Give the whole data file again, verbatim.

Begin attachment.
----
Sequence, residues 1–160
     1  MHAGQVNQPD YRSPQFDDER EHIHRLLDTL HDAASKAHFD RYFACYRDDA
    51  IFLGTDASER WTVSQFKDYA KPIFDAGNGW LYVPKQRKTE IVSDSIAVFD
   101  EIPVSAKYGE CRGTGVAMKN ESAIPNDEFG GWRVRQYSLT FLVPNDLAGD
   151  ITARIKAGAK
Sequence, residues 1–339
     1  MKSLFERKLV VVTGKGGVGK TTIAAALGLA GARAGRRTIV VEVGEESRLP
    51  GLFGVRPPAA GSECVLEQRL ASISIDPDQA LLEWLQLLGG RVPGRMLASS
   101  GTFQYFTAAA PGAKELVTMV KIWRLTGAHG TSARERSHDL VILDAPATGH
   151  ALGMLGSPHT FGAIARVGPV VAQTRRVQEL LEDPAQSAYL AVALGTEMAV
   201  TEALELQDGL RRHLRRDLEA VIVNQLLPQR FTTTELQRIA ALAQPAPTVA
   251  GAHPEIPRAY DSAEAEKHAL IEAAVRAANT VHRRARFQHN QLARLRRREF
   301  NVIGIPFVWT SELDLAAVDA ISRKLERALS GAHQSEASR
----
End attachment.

Sequence, residues 1–160
     1  MHAGQVNQPD YRSPQFDDER EHIHRLLDTL HDAASKAHFD RYFACYRDDA
    51  IFLGTDASER WTVSQFKDYA KPIFDAGNGW LYVPKQRKTE IVSDSIAVFD
   101  EIPVSAKYGE CRGTGVAMKN ESAIPNDEFG GWRVRQYSLT FLVPNDLAGD
   151  ITARIKAGAK
Sequence, residues 1–339
     1  MKSLFERKLV VVTGKGGVGK TTIAAALGLA GARAGRRTIV VEVGEESRLP
    51  GLFGVRPPAA GSECVLEQRL ASISIDPDQA LLEWLQLLGG RVPGRMLASS
   101  GTFQYFTAAA PGAKELVTMV KIWRLTGAHG TSARERSHDL VILDAPATGH
   151  ALGMLGSPHT FGAIARVGPV VAQTRRVQEL LEDPAQSAYL AVALGTEMAV
   201  TEALELQDGL RRHLRRDLEA VIVNQLLPQR FTTTELQRIA ALAQPAPTVA
   251  GAHPEIPRAY DSAEAEKHAL IEAAVRAANT VHRRARFQHN QLARLRRREF
   301  NVIGIPFVWT SELDLAAVDA ISRKLERALS GAHQSEASR